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Often called the winter blues or seasonal depression, Seasonal Affective Disorder (SAD) can actually occur during any season. It is a more common affliction than most people realize and affects millions.

Causes

There is no exact cause known for the disorder. Yet, most experts agree that it is connected with changing seasons, shorter days, and lower light levels. Our natural circadian rhythm is also thrown out of whack whenever we don’t follow a normal day to night routine. This is quite common for people working the night shift and sleeping during daylight hours.

The amount of light we are exposed to every day has a direct effect on our body’s chemistry. A connection to the level of substances such as melatonin and serotonin has been found. Melatonin affects our sleep patterns and serotonin balances our moods. Patients suffering from SAD often have diminished amounts of both.

Risks

Seasonal Affective Disorder can affect anyone, but women seem to be more susceptible to it than men. The largest population age-wise that appears to be affected are mid-teens to late fifties. Studies have shown that the chances of people getting SAD for the first time goes down as they get older.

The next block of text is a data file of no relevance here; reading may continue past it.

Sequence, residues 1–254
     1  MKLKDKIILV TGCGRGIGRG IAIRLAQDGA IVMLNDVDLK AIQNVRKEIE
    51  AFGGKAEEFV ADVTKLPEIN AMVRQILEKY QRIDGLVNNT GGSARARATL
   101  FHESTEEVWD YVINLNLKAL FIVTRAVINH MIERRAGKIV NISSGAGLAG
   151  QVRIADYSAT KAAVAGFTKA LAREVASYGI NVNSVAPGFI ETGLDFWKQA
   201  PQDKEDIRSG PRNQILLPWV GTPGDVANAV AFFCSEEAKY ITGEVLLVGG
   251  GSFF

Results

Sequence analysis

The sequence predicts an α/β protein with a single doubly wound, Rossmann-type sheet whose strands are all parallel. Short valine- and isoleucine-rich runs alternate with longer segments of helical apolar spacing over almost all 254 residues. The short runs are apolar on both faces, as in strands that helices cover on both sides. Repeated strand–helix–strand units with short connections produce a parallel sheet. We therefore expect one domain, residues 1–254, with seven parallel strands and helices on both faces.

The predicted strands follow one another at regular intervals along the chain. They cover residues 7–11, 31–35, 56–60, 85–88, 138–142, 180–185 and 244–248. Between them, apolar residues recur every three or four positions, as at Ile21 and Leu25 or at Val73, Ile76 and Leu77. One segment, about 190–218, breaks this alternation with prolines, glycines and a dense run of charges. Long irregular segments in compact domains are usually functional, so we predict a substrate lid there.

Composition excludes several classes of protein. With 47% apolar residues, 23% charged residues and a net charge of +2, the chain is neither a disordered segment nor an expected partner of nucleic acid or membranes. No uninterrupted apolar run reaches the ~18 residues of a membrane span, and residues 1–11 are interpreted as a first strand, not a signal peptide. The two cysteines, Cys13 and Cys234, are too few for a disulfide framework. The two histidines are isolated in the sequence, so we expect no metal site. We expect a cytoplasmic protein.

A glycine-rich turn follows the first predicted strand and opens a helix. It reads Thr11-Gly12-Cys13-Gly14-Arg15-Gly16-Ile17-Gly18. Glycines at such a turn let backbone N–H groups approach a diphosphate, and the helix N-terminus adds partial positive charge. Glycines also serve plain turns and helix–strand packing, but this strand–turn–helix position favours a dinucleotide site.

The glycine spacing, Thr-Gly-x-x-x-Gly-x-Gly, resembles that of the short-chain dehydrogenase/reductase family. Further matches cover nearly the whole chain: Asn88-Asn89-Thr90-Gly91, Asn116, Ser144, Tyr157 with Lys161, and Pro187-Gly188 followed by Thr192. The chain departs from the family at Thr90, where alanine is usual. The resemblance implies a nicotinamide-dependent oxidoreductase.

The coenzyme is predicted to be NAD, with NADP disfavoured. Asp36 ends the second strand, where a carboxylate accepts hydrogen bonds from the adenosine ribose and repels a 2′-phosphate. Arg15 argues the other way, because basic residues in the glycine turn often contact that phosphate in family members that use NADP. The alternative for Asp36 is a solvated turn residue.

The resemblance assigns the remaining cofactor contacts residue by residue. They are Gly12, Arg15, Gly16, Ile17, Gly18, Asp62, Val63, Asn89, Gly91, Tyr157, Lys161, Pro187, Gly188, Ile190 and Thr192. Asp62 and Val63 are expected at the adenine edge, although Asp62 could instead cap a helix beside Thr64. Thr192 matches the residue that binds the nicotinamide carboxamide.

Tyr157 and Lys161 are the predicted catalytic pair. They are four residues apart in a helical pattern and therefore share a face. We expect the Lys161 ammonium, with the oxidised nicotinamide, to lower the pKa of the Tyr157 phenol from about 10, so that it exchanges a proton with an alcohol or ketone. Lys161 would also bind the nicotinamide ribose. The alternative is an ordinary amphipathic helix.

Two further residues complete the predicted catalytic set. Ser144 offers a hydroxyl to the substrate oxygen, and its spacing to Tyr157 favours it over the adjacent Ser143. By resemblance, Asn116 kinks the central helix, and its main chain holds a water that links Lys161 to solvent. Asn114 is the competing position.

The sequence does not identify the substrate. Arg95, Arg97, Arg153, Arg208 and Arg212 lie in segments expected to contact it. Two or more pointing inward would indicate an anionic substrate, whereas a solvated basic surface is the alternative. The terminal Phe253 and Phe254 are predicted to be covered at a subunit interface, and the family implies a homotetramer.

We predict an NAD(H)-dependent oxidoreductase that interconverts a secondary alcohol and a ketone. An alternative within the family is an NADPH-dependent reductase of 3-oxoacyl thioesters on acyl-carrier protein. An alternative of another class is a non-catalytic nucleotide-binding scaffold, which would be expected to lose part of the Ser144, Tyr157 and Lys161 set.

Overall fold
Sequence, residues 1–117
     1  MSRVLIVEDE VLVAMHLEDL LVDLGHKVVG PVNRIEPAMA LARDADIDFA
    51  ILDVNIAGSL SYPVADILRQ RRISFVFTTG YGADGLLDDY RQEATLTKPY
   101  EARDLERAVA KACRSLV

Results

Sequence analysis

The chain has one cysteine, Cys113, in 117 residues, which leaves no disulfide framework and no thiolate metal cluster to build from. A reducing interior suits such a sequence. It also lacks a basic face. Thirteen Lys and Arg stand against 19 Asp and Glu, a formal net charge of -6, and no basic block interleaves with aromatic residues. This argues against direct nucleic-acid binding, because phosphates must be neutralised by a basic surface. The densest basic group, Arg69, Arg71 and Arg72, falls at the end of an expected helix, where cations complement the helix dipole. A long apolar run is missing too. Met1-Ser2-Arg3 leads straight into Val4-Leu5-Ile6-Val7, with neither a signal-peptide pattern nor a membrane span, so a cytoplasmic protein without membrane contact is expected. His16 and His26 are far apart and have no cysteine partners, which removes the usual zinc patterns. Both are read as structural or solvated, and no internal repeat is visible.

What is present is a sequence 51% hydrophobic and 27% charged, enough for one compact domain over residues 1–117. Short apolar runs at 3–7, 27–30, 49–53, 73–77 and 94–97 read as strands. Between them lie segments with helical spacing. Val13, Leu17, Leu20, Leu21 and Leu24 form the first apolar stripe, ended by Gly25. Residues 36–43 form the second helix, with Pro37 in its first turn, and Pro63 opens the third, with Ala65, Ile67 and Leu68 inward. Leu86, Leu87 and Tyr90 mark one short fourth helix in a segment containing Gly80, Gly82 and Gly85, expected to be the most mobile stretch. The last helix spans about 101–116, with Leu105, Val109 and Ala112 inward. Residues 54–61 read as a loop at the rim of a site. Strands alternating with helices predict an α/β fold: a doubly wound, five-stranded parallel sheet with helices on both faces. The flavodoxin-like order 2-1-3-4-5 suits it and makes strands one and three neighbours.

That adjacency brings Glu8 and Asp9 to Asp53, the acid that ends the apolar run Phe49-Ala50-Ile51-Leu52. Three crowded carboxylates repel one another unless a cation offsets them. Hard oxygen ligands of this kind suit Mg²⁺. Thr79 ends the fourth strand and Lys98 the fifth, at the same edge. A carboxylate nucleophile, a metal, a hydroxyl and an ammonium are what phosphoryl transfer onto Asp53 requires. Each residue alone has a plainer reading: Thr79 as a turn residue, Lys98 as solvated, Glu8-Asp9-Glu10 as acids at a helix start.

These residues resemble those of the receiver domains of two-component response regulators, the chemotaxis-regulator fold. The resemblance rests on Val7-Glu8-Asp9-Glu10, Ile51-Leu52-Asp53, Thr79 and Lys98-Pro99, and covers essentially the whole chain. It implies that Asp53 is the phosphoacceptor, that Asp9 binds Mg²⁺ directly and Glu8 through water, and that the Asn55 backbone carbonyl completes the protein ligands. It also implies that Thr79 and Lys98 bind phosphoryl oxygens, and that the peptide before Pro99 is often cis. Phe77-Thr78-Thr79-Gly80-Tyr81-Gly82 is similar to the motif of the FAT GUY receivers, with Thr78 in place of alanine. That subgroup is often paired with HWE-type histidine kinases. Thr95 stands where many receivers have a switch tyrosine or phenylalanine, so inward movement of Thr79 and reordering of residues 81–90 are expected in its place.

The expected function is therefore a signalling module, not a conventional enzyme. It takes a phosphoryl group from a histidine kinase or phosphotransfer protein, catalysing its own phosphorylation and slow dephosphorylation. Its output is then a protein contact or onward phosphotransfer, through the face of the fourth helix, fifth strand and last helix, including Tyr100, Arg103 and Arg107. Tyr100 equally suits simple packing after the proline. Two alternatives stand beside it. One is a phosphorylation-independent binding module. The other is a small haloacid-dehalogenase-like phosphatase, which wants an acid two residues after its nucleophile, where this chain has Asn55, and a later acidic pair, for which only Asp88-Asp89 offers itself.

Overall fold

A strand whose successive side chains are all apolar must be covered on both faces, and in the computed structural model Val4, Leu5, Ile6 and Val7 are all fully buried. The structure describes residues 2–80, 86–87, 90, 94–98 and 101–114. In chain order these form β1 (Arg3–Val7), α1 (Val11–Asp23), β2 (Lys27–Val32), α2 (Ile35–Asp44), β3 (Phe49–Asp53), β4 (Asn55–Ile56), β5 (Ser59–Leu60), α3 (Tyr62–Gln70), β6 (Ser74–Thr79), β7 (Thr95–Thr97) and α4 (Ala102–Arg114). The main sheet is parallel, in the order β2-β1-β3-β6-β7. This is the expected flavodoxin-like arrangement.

It has been found to run in families so if a close relative has SAD, it is likely that you might also experience it. It is also clear that the farther away from the equator a person lives, the higher their chances are of having SAD. They are exposed to even less sunlight than those in closer proximity to the sun’s rays.

Symptoms

Because having the winter blues is essentially a form of depression, many of the symptoms can be the same or similar. Those with bipolar disorder can also be affected adversely from SAD. Some of the symptoms can include:

  • Low energy, feeling sluggish
  • Difficulty concentrating
  • Appetite and/or weight changes
  • Feelings of depression all day, every day
  • Sleeping difficulties
  • Easily becoming agitated
  • Craving and eating more carbohydrates
  • Loss of interest or joy in activities you once loved
  • Feeling hopeless, guilty, or worthless
  • Frequent suicidal thoughts or death fantasies